To Autumn by John Keats

John Keats (1795-1821)
Season of mists and mellow fruitfulness, 
    Close bosom-friend of the maturing sun; 
Conspiring with him how to load and bless 
   With fruit the vines that round the thatch-eves run;
To bend with apples the moss’d cottage-trees, 
   And fill all fruit with ripeness to the core; 
      To swell the gourd, and plump the hazel shells 
With a sweet kernel; to set budding more, 
   And still more, later flowers for the bees, 
   Until they think warm days will never cease, 
      For Summer has o’er-brimm’d their clammy cells.
Autumn Colors at Tofuku-ji Temple
courtesy of Sacha Fernandez
Creative Commons

Who hath not seen thee oft amid thy store? 
   Sometimes whoever seeks abroad may find 
Thee sitting careless on a granary floor, 
   Thy hair soft-lifted by the winnowing wind; 
Or on a half-reap’d furrow sound asleep, 
   Drows’d with the fume of poppies, while thy hook
      Spares the next swath and all its twined flowers:
And sometimes like a gleaner thou dost keep 
   Steady thy laden head across a brook; 
   Or by a cyder-press, with patient look, 
      Thou watchest the last oozings hours by hours.
Autumn Bokeh
courtesy of Torbus
Creative Commons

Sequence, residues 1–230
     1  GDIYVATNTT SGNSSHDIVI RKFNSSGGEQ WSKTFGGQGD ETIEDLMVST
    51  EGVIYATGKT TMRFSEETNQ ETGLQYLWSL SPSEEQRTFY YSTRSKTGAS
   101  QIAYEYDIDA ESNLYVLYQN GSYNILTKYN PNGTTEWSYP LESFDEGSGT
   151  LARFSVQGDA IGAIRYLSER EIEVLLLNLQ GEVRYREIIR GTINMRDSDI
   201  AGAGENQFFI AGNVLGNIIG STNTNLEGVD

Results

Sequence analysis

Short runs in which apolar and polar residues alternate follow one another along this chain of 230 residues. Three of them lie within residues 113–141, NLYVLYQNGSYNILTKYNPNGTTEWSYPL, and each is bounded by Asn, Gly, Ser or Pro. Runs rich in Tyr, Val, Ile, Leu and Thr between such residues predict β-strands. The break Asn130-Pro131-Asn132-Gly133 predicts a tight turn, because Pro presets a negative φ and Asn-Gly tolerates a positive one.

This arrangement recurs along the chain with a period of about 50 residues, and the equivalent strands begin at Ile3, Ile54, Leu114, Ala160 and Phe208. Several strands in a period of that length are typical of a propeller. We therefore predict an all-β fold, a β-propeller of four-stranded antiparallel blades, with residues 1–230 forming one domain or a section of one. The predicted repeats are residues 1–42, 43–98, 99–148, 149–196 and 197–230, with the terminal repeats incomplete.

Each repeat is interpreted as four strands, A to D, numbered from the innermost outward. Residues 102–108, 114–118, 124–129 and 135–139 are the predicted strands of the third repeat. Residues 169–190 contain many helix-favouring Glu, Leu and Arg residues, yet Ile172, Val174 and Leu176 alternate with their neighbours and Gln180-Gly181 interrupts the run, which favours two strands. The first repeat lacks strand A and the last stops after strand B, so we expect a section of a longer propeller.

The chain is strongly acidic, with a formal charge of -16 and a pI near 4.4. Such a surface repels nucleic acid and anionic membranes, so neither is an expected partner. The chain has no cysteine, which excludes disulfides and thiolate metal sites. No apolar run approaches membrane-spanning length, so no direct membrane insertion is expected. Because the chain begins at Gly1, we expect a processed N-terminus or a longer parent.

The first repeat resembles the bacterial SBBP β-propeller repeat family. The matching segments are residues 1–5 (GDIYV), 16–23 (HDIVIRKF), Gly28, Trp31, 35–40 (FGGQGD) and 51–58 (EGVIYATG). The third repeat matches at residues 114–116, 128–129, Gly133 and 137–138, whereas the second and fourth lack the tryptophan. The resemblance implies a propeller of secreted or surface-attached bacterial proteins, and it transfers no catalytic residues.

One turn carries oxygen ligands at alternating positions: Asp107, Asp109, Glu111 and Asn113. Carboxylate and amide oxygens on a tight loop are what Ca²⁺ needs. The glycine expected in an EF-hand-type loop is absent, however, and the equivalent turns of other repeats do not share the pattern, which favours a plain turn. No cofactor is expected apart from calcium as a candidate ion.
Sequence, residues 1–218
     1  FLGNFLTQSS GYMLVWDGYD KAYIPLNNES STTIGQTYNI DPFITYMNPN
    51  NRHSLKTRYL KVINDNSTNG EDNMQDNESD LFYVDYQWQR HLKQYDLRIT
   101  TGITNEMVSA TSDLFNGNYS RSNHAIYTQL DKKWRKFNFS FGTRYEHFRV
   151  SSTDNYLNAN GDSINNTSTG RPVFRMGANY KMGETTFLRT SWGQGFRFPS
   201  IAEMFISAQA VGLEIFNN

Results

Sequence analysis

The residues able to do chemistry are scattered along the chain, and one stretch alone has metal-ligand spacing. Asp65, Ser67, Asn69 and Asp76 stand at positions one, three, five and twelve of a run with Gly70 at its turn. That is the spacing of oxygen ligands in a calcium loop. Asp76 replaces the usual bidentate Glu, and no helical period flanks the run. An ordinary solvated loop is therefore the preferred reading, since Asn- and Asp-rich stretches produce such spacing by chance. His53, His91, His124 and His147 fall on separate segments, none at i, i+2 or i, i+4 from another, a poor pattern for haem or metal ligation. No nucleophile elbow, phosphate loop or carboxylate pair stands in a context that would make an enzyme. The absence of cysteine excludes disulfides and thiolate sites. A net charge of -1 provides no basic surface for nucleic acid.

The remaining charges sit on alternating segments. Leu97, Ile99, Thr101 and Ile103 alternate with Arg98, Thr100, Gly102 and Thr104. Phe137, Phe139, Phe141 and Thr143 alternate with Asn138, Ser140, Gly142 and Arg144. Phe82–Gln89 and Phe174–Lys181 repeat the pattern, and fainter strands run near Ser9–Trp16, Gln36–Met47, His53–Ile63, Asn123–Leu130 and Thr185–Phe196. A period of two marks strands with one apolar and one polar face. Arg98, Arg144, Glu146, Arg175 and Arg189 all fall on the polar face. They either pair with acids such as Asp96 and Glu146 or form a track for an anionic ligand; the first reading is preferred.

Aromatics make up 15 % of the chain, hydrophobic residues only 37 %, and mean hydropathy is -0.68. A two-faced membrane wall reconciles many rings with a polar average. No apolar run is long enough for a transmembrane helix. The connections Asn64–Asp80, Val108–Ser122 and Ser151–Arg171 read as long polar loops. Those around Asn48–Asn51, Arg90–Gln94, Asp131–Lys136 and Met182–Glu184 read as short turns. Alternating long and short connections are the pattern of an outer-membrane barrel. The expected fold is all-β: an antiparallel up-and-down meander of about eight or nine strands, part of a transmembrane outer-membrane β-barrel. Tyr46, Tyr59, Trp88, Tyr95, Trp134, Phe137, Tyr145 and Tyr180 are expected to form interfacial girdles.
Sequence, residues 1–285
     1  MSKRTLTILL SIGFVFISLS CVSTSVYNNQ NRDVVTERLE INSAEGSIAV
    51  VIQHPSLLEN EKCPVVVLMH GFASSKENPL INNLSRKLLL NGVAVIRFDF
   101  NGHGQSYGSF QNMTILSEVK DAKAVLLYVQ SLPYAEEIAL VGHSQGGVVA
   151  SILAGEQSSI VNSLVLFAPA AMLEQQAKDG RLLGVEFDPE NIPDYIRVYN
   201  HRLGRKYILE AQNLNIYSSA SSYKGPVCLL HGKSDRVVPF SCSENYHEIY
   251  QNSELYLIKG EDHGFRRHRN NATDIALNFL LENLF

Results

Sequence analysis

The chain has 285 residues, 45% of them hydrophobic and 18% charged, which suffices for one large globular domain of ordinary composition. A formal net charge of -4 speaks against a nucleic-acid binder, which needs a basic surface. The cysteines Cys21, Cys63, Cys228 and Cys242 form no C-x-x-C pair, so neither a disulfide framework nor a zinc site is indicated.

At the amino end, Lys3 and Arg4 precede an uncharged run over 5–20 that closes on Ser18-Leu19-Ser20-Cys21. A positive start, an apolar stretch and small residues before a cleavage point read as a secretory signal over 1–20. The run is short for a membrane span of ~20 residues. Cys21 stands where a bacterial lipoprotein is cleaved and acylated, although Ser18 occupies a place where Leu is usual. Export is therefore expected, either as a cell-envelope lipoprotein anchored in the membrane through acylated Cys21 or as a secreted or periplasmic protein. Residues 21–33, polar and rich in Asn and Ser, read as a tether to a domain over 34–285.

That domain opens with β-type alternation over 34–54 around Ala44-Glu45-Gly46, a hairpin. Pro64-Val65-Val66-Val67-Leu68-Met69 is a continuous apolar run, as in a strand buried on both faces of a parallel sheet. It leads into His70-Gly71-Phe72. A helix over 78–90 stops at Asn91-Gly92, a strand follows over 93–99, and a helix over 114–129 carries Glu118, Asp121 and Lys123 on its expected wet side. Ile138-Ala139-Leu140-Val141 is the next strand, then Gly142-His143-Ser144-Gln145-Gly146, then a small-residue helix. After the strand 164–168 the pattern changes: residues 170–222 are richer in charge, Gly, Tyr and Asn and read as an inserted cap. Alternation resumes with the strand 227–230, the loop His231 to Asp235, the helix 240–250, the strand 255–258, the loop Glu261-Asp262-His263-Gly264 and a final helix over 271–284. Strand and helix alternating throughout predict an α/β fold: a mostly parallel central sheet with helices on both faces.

Where are the songs of Spring? Ay, where are they?
   Think not of them, thou hast thy music too,—  
While barred clouds bloom the soft-dying day, 
   And touch the stubble plains with rosy hue; 
Then in a wailful choir the small gnats mourn 
   Among the river sallows, borne aloft 
      Or sinking as the light wind lives or dies; 
And full-grown lambs loud bleat from hilly bourn; 
   Hedge-crickets sing; and now with treble soft 
   The red-breast whistles from a garden-croft; 
      And gathering swallows twitter in the skies.

Autumn Landscape
courtesy of Blmiers2
Creative Commons

Fall is here and so Keats reminds us in this lovely, dreamy lazy poem about this season.

In the first stanza, I love the imagery that is created by Keats filling the reader’s senses with the ripeness of the harvest.  Do you notice the sibilance that is conveyed with words like “mists”, “close blossom”, “bless”, “moss’d”, “swell”, “sweet”, “set”, “cease” and “cells”?  It gives a soft sound to the first stanza that lulls the reader into the dreamy shades of autumn.

The second stanza expresses autumn as a person, and the reader can almost see a goddess sitting on the granary floor while the teasing breezes caress her hair.  Here autumn rests from her harvest.  The personification makes “her” more real, more alive.

While autumn is a season of endings and we tend to start to look forward to spring, yet in the third stanza, Keats encourages the reader to revel in autumn’s glory and bask in its golden sunset, rather than look ahead to something that cannot yet be enjoyed.

I’ve had little exposure to Keats so far, but know this poem will be one of many to come.  I hope you’ve enjoyed it as much as I have and have a very happy autumn season!